ISBN: 9780262341035 | 264 pp. | August 2017

Understanding Ignorance

The Surprising Impact of What We Don't Know
Overview
Ignorance is trending. Politicians boast, “I’m not a scientist.” Angry citizens object to a proposed state motto because it is in Latin, and “This is America, not Mexico or Latin America.” Lack of experience, not expertise, becomes a credential. Fake news and repeated falsehoods are accepted and shape firm belief. Ignorance about American government and history is so alarming that the ideal of an informed citizenry now seems quaint. Conspiracy theories and false knowledge thrive. This may be the Information Age, but we do not seem to be well informed. In this book, philosopher Daniel DeNicola explores ignorance—its abundance, its endurance, and its consequences.
 
DeNicola aims to understand ignorance, which seems at first paradoxical. How can the unknown become known—and still be unknown? But he argues that ignorance is more than a lack or a void, and that it has dynamic and complex interactions with knowledge. Taking a broadly philosophical approach, DeNicola examines many forms of ignorance, using the metaphors of ignorance as place, boundary, limit, and horizon. He treats willful ignorance and describes the culture in which ignorance becomes an ideological stance. He discusses the ethics of ignorance, including the right not to know, considers the supposed virtues of ignorance, and concludes that there are situations in which ignorance is morally good.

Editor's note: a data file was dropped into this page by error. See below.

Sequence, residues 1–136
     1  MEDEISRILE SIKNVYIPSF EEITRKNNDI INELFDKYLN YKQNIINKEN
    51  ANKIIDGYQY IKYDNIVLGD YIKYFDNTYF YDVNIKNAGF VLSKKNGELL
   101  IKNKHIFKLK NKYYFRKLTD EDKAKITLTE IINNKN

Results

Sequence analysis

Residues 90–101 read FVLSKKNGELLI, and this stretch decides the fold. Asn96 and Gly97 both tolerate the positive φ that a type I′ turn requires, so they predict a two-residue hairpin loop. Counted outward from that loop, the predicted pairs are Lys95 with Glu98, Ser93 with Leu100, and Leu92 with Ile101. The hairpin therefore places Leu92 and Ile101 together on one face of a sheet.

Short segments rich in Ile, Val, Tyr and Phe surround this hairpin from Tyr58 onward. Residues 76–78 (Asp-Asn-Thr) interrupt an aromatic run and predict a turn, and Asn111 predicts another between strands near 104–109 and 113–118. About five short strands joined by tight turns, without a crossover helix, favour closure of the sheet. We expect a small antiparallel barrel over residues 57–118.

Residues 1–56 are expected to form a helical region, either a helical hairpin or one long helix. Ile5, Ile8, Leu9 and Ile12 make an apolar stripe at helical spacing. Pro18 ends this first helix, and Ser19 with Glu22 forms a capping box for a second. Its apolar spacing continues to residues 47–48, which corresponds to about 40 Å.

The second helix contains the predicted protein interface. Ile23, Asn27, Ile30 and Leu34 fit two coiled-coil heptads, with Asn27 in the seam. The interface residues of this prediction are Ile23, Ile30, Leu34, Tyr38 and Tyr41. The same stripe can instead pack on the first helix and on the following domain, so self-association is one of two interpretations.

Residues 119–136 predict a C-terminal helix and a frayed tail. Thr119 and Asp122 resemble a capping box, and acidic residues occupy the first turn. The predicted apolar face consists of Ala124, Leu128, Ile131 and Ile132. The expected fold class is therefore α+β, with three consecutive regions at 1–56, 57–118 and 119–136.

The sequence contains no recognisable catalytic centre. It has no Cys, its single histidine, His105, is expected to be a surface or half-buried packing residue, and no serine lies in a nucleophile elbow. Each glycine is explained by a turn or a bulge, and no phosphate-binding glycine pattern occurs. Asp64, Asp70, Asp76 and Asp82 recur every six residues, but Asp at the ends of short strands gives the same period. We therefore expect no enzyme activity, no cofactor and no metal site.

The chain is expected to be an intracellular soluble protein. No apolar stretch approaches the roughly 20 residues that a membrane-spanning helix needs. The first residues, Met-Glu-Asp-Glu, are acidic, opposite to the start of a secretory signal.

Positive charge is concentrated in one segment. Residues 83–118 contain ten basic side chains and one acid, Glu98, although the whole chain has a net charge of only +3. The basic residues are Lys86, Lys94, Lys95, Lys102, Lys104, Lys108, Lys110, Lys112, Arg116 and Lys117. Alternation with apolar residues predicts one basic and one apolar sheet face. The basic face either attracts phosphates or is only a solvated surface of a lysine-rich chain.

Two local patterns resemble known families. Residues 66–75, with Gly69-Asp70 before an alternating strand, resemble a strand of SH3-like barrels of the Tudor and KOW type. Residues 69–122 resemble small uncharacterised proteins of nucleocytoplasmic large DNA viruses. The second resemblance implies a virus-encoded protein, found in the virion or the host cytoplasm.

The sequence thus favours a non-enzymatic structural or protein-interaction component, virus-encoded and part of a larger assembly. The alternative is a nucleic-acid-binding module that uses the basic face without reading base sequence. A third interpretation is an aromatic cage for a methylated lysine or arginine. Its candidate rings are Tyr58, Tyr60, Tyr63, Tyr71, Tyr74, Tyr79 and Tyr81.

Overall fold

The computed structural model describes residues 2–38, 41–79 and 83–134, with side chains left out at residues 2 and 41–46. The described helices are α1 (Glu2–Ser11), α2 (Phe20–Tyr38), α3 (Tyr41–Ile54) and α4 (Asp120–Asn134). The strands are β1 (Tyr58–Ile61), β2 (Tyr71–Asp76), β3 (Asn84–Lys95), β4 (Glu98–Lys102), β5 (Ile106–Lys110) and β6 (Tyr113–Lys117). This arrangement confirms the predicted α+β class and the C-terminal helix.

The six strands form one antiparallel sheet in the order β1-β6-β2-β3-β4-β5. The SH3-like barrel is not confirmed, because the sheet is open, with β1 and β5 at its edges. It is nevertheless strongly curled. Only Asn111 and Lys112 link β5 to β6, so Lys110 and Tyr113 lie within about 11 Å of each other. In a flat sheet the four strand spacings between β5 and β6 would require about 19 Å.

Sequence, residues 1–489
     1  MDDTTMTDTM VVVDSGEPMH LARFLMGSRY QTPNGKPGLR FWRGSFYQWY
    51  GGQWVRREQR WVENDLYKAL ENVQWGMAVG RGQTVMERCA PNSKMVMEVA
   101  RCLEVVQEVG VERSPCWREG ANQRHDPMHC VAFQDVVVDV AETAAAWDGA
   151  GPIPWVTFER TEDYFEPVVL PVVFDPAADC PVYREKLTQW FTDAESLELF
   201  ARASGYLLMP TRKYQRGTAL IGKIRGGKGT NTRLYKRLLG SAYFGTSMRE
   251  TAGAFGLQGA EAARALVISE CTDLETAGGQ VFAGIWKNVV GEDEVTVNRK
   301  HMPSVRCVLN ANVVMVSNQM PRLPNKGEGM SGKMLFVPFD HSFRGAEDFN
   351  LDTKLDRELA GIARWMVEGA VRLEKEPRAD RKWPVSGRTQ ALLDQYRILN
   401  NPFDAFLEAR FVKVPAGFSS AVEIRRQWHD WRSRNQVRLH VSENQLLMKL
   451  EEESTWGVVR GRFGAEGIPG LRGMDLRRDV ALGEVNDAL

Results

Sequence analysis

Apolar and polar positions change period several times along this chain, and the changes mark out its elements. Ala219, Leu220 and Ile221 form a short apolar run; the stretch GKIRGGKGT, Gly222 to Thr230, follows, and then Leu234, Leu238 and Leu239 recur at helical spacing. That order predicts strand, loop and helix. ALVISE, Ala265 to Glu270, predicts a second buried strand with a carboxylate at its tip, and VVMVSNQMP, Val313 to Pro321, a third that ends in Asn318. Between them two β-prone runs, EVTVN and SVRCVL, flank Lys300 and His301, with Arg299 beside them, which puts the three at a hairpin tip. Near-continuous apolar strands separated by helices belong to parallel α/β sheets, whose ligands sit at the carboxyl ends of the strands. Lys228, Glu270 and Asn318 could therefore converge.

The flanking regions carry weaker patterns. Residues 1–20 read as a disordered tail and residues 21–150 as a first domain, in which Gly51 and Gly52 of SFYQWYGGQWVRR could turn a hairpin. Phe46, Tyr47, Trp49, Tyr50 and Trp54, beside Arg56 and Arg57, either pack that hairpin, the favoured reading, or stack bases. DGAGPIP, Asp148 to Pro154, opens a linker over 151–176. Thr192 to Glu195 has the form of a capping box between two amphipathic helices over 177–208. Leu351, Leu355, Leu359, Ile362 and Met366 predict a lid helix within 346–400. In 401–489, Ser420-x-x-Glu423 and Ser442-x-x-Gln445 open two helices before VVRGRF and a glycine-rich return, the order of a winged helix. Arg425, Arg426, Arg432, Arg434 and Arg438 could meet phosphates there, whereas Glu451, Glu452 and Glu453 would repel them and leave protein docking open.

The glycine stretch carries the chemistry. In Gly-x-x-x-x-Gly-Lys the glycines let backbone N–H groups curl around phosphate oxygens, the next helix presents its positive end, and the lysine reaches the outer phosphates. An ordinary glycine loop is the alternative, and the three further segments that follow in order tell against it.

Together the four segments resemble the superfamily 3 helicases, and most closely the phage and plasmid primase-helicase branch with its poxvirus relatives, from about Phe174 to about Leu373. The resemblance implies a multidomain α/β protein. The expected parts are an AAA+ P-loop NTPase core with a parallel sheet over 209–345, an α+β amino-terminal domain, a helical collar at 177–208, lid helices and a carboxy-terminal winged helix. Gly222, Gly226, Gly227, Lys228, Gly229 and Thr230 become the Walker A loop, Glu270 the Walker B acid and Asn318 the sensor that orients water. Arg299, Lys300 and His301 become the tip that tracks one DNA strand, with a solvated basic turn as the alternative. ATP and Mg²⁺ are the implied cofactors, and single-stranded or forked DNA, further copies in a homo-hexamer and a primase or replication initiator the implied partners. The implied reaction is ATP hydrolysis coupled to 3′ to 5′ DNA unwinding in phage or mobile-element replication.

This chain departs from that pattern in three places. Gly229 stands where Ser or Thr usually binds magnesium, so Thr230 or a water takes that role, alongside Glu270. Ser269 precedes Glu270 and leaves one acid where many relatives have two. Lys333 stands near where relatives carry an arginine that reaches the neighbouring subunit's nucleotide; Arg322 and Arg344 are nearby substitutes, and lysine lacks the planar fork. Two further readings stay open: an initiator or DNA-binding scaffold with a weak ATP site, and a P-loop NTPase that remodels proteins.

Ignorance is neither pure nor simple. It is both an accusation and a defense (“You are ignorant!” “Yes, but I didn’t know!”). Its practical effects range from the inconsequential to the momentous. It is a scourge, but, DeNicola argues daringly, it may also be a refuge, a value, even an accompaniment to virtue.

Table of Contents

  1. Preface
  2. I. Images of Ignorance
  3. 1. The Impact of Ignorance
  4. 2. Conceiving Ignorance
  5. II. Ignorance as Place
  6. 3. Dwelling in Ignorance
  7. 4. Innocence and Ignorance
  8. III. Ignorance as Boundary
  9. 5. Mapping Our Ignorance
  10. 6. Constructed Ignorance
  11. 7. The Ethics of Ignorance
  12. 8. Virtues and Vices of Ignorance
  13. IV. Ignorance as Limit
  14. 9. The Limits of the Knowable
  15. 10. Managing Ignorance
  16. V. Ignorance as Horizon
  17. 11. The Horizon of Ignorance
  18. Epilogue: Ignorance and Epistemology
  19. Notes
  20. Bibliography
  21. Index